The Spotfin Chub was the fourth species to be spawned successfully in the Conservation Fisheries Hatchery as a part of a restoration program. Once one of the more widespread species in clear upland rivers throughout the upper and middle portions of the Tennessee River system, spotfin chubs have suffered a serious decline in both abundance and distribution.
Their sporadic occurrence and declining population densities resulted in their placement on the U.S. Fish and Wildlife Service list of threatened species. We are propagating this species for reintroduction to Abrams Creek and the Tellico River, using parent stock from the Little Tennessee River in North Carolina. We are also propagating offspring from Emory River parents for reintroduction into Shoal Creek in south-central Tennessee. At this time, reintroductions into Abrams Creek have been suspended. No recruitment has been observed there and the general consensus is that the unimpounded portion of the stream is likely too small to support this species. Reproduction has been documented in the Tellico River for several consecutive years now and we have high hopes that a viable population is becoming established.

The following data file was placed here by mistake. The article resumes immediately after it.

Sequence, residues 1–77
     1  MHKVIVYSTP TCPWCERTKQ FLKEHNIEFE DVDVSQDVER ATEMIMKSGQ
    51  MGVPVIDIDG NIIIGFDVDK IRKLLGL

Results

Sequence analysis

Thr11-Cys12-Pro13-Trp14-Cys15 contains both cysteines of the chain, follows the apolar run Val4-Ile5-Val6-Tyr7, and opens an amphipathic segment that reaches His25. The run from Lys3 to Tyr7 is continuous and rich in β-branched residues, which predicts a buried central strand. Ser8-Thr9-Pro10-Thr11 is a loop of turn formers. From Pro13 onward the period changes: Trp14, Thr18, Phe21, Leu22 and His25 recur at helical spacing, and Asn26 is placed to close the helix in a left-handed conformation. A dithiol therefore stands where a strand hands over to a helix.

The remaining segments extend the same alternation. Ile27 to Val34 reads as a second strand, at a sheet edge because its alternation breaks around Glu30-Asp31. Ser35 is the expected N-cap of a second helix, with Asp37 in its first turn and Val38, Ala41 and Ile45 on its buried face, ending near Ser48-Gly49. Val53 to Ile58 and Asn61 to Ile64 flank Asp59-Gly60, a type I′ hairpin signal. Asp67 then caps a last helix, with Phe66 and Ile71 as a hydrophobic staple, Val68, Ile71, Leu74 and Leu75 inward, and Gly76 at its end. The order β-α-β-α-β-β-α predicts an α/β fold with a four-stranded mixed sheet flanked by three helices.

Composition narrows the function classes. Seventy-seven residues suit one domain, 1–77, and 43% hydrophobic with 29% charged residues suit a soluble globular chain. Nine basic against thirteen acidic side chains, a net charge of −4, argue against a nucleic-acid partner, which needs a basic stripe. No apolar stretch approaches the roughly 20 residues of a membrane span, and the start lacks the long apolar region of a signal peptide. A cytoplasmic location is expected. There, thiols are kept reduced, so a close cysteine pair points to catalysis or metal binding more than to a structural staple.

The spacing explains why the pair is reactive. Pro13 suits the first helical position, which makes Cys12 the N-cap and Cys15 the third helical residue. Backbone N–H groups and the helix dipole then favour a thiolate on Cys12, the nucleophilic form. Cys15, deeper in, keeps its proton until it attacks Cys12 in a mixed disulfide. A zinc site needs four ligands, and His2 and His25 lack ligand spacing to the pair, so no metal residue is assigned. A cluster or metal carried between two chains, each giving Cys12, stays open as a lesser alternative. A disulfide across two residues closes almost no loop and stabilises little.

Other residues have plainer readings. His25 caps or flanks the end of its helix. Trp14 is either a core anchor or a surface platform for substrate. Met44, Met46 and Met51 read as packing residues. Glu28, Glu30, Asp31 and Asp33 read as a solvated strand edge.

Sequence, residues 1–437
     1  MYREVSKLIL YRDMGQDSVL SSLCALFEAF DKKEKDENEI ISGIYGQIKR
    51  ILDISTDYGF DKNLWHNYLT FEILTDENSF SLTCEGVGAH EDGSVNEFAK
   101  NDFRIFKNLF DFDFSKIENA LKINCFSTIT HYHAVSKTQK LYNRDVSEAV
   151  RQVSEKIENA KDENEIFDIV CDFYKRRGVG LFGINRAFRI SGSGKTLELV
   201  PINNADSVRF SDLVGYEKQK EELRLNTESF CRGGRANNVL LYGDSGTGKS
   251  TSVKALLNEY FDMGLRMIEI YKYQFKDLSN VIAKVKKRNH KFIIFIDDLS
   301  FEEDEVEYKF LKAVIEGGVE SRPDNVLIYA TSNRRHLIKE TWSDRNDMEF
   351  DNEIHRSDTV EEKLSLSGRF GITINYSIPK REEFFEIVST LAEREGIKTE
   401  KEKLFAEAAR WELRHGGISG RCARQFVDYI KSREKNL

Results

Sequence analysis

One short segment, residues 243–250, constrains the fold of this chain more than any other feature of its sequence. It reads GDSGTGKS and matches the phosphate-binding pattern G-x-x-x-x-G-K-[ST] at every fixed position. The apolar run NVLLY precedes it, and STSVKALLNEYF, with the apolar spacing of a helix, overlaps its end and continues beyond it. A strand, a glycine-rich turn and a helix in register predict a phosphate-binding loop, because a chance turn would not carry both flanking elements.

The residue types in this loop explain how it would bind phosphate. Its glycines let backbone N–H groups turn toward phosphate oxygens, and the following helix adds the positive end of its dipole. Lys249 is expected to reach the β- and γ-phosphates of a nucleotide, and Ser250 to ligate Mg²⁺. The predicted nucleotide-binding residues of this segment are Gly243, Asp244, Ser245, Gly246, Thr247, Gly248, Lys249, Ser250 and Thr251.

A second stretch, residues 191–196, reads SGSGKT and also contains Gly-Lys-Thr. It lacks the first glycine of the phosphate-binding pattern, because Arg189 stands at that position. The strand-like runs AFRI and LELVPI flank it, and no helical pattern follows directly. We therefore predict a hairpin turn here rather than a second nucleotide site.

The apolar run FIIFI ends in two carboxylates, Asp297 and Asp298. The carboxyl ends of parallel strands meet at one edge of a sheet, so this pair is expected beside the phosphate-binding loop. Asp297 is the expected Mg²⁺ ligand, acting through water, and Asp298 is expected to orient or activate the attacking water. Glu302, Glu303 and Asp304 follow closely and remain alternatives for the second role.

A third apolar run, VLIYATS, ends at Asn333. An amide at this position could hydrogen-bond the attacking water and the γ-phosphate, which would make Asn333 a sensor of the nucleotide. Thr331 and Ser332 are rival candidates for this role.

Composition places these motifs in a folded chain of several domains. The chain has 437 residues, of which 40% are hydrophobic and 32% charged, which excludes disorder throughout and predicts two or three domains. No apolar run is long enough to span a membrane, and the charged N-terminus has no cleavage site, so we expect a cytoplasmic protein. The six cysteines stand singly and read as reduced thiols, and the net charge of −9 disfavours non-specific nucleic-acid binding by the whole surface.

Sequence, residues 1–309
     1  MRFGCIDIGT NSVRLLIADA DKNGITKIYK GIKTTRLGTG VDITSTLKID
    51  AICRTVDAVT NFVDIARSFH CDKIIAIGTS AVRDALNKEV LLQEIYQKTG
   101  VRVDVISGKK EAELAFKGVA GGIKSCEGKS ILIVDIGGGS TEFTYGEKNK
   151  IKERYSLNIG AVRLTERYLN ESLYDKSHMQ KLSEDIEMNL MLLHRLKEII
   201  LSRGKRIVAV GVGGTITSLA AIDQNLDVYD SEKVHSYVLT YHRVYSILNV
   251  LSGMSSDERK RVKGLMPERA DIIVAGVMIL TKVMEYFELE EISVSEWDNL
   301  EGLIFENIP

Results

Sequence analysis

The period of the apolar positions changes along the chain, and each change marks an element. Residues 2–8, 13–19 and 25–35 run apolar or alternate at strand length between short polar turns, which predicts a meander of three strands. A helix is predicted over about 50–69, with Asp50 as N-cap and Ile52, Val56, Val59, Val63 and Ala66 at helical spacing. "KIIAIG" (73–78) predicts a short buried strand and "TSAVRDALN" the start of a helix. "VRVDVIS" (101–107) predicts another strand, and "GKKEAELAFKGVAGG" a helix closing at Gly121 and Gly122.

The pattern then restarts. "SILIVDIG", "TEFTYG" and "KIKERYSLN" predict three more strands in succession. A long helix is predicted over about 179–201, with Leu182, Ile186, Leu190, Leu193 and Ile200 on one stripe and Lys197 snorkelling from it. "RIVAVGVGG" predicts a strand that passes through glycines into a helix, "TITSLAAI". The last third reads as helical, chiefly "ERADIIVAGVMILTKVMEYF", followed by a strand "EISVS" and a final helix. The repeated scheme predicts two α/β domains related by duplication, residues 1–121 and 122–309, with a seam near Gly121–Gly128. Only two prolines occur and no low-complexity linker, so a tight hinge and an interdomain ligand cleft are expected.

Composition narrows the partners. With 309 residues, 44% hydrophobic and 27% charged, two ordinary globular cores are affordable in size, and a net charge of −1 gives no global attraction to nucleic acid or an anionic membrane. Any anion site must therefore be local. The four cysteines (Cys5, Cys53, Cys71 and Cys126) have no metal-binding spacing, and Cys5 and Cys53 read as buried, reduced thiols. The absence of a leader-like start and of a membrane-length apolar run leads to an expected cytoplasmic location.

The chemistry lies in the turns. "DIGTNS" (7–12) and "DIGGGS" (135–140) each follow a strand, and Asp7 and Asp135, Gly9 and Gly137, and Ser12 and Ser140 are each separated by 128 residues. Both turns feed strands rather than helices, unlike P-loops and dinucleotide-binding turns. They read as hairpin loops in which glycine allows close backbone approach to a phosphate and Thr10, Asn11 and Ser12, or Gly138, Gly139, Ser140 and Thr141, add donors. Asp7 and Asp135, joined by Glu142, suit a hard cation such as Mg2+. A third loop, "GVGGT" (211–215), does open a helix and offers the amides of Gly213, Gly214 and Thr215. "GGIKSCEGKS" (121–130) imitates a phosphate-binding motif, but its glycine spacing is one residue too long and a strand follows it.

The restoration project is still in the early stages in Shoal Creek (1st stocking in late 2007) and wild reproduction has been documented for the first time in 2011! The Shoal Creek monitoring work in 2012 extended down into Alabama where spotfin chubs were found all the way down to Goose Shoals. There is so much great habitat in Shoal Creek that we are very hopeful for this project.